I'm not convinced that "almost all uses" of the VCR were infringing; I'd be astonished if the proportion of uses of the VCR that were infringing is close to that of uses of the PS3 jailbreaks for infringing purposes.

    If memory serves, the SCOTUS also explicitly said that the VCR wasn't illegal solely by the reason that Congress hadn't made it illegal, and it was not a Constitutional argument. the DMCA has changed that too.

  • by wierd_w ( 1375923 ) on Tuesday September 28, 2010 @08:22PM (#33729886)

    All that this means is that somebody needs to create a competing service. Sounds like there is a very fertile industry for it, especially if it s more lax than the default platform creator's choice. (Such as, actually ALLOWING halo map mods, etc.)

    See for instance, things like the successor to BnetD, and associated open servers. Creating an actual company geared toward servicing "blacklisted" consoles would fill a valid market niche. Last I checked, reverse engineering laws STILL provided safe habor for such practices when used for "Cross compatibility" and "Interoperability".

    *would LOVE to see an alternative to sony's PSN and Microsoft's XBOX Live! service; Especially if that same service was console agnostic, and would permit multiplayer games from both consoles to have mixed matches.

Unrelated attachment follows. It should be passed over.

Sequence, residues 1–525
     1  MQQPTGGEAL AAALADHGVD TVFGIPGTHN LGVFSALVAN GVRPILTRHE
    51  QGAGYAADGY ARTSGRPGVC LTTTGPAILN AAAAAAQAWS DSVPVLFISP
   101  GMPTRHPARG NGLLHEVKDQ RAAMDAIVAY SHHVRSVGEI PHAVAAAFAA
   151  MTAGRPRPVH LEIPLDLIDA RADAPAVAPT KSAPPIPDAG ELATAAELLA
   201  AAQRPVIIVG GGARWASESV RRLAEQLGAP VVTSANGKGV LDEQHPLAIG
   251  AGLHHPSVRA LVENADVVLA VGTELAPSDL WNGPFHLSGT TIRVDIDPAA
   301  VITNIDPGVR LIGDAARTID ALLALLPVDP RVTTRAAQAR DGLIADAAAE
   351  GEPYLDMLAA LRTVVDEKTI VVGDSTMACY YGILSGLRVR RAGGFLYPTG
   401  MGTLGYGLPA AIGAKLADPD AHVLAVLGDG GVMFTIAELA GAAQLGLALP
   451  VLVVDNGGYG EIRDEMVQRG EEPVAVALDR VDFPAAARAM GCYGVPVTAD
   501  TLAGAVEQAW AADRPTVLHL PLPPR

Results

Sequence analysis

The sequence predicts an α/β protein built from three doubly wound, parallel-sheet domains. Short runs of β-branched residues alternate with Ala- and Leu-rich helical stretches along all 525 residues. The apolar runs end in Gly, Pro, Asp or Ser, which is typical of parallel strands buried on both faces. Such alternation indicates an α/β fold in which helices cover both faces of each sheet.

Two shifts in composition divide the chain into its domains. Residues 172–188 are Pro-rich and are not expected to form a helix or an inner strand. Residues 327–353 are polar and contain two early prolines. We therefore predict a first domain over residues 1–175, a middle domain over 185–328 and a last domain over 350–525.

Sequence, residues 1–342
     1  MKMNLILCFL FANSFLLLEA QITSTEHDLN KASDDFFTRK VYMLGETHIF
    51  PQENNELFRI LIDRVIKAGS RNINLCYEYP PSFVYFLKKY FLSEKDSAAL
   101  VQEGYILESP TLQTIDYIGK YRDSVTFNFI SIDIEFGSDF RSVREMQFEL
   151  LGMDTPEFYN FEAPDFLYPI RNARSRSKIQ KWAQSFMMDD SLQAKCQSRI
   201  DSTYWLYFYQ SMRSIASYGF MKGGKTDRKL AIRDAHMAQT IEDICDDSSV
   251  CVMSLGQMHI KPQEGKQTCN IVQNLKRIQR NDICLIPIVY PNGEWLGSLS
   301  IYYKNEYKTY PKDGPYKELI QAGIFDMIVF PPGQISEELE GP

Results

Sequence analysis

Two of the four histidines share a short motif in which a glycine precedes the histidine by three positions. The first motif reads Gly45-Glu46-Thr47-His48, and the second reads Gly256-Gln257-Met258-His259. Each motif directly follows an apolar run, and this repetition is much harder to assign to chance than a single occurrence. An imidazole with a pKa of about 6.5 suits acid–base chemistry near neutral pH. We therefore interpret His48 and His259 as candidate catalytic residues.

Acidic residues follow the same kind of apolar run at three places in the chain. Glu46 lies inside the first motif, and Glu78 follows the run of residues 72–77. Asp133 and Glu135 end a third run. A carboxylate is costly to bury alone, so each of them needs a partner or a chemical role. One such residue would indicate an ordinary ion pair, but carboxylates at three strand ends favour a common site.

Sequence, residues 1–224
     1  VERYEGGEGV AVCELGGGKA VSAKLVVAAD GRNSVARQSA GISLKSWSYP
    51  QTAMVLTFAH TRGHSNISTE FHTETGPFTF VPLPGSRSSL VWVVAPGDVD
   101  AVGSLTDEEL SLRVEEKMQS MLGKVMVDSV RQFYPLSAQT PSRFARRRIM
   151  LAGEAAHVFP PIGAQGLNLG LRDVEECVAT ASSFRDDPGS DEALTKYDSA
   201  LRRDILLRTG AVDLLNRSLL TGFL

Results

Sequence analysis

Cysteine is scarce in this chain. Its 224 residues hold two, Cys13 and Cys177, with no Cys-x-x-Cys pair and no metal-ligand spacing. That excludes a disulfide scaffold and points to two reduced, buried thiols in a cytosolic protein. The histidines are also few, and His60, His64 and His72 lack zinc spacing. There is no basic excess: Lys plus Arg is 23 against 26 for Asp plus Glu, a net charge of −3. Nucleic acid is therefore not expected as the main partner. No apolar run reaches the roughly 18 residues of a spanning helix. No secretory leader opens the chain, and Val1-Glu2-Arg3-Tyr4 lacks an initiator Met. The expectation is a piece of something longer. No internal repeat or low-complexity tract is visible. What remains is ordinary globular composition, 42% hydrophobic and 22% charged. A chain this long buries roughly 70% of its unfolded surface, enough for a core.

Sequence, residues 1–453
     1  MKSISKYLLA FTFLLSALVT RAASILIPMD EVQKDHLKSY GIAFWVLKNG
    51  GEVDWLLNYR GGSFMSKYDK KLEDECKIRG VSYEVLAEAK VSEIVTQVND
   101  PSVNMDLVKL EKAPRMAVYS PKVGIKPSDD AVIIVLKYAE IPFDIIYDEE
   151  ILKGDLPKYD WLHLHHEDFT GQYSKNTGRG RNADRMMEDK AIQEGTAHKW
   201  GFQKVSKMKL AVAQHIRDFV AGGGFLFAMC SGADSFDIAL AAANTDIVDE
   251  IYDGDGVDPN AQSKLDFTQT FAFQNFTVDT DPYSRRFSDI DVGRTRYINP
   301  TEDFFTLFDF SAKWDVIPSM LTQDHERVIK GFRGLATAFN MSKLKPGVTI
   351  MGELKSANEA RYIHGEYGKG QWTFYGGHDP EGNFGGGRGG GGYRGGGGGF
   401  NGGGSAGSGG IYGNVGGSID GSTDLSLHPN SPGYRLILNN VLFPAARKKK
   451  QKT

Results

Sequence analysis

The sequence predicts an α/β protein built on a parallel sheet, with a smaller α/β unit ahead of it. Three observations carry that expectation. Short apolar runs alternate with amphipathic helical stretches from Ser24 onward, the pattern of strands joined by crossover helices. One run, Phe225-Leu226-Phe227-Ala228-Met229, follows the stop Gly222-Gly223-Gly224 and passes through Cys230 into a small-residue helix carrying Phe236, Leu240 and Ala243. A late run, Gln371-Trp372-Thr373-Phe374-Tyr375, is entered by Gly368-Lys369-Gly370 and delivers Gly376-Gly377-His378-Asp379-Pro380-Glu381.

• by jank1887 ( 815982 ) on Tuesday September 28, 2010 @08:38PM (#33729948)

    I'll add a second anecdote: I have a hacked Wii. I have my whole (20-30, 90% used from gamestop) game library loaded on a hard drive. I like the convenience. At this moment, I could pull out any game disc for anything on my hard drive you'd like to see. For me, it's about convenience. The same reason people want a media library of ripped DVDs even through they own all 400 the discs. Heck, it's even easier to FIND the game you want when the count gets high. I first figured out the USBloader process after my 4 year old rendered the Wii sports disc unreadable. (it was able to rip, luckily). could I replace a disc? probably. is there a convenient way for me to avoid needing to replace discs and avoid that hassle? yes. so that's all I need.

    Then again, I also don't know you. so you're point stands. maybe you just need friends with a bit more moral fiber.

  • by hairyfeet ( 841228 ) <bassbeast1968 AT gmail DOT com> on Tuesday September 28, 2010 @08:42PM (#33729982) Journal